... action from the former period, or arising out of the new concatenation of circumstances, were in operation: Jewish exiles from Spain carried their culture to the asylums hospitably offered them in the Orient and a few of the European countries, notably Holland; the art of printing was spreading, the first presses in Italy bringing out Jewish works; and the sun of humanism and of the Reformation was rising and shedding solitary rays of its effulgence on the ...
— Jewish Literature and Other Essays • Gustav Karpeles

... development of Western Asia been progressive? It is a land of tombs and ruins. Is China progressive, the most ancient and numerous of existing societies? Is Europe itself progressive? Is Spain a tithe as great as she was? Is Germany as great as when she invented printing; as she was under the rule of Charles the Fifth? France herself laments her relative inferiority to the past. But England flourishes. Is it what you call civilisation that makes England flourish? Is it the universal development of the faculties of man that has rendered an island, almost ...
— Tancred - Or, The New Crusade • Benjamin Disraeli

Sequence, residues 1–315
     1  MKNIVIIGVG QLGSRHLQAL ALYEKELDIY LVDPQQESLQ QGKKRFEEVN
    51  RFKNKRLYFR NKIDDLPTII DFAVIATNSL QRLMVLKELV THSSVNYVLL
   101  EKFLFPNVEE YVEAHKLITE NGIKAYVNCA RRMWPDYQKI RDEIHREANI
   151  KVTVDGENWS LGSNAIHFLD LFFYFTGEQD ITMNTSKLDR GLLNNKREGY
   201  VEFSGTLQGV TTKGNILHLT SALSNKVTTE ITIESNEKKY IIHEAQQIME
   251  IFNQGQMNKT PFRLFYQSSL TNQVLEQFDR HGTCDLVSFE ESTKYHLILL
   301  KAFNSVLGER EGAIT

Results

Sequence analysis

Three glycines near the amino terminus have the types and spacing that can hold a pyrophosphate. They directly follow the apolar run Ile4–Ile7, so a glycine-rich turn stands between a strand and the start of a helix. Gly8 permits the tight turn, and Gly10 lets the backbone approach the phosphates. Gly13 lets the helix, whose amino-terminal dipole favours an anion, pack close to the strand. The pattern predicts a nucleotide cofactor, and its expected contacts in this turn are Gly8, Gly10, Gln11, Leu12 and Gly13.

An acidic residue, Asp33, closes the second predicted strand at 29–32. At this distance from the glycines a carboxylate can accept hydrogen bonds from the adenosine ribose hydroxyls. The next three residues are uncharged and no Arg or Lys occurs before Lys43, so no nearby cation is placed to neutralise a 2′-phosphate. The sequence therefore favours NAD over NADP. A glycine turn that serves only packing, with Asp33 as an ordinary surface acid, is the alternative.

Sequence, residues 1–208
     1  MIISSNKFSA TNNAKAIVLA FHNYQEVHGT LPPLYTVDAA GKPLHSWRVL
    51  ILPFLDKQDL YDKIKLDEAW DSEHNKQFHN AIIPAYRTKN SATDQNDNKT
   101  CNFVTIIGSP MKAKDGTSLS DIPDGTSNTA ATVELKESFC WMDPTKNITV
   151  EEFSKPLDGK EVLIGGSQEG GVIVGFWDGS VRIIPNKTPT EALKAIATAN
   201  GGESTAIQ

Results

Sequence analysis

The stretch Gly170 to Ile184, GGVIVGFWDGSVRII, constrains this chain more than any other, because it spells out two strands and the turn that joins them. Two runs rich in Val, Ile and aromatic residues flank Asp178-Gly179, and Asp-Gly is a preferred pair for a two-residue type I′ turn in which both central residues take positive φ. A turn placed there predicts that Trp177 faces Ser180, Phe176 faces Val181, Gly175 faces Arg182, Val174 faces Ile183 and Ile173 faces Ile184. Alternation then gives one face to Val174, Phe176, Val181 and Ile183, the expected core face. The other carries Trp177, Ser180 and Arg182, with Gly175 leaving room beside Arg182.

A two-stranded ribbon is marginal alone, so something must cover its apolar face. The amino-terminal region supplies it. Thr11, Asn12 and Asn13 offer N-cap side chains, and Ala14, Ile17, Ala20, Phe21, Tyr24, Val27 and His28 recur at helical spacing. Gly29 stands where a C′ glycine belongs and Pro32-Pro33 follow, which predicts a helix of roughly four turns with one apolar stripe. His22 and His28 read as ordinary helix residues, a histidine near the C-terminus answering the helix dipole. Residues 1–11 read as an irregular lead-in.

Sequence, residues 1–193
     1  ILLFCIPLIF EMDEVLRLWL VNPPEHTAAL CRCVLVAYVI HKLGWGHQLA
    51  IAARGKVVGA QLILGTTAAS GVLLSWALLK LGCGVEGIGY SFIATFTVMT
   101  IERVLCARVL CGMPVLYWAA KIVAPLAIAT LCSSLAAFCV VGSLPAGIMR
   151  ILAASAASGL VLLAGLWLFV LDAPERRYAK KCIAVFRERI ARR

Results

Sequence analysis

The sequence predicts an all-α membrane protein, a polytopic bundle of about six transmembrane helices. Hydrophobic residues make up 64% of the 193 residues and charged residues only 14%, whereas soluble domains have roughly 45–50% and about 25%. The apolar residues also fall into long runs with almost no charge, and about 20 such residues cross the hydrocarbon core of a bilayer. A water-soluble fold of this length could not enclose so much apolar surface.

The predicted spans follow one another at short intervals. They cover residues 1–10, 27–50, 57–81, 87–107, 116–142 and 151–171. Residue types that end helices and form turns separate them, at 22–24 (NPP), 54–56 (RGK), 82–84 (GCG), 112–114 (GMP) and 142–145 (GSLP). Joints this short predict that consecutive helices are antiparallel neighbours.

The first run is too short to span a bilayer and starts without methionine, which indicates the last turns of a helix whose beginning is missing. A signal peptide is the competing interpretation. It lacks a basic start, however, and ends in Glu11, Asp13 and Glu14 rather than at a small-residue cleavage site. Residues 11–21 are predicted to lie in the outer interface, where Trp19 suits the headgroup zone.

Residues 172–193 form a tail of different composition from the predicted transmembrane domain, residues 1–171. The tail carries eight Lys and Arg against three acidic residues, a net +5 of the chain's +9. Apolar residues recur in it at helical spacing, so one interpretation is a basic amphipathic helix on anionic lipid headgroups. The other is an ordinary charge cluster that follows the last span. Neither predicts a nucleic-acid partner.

... Lords and Commons assembled in Parliament for the regulating of Printing, &c. London, 14 ...
— Roister Doister - Written, probably also represented, before 1553. Carefully - edited from the unique copy, now at Eton College • Nicholas Udall

... thousand one hundred and twenty pounds, one shilling. To make good the deficiency of the grants for the service of this present year, one thousand seven hundred and fifty-nine, they assigned the sum of seventy-five thousand one hundred and seventy pounds, and threepence farthing. For printing the journals of the house of commons they gave five thousand pounds; and six hundred and thirty-four pounds, thirteen shillings and seven-pence, as interest at the rate of four per centum per annum, ...
— The History of England in Three Volumes, Vol.II. - From William and Mary to George II. • Tobias Smollett